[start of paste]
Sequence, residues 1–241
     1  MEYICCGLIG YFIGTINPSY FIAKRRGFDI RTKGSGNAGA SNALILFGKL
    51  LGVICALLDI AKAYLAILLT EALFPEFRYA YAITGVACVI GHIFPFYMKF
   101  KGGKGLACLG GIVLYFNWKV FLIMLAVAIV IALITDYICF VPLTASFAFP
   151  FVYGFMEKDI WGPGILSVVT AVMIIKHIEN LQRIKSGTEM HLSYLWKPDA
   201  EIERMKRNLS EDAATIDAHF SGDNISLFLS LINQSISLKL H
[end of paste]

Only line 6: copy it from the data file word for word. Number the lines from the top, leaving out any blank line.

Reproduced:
   201  EIERMKRNLS EDAATIDAHF SGDNISLFLS LINQSISLKL H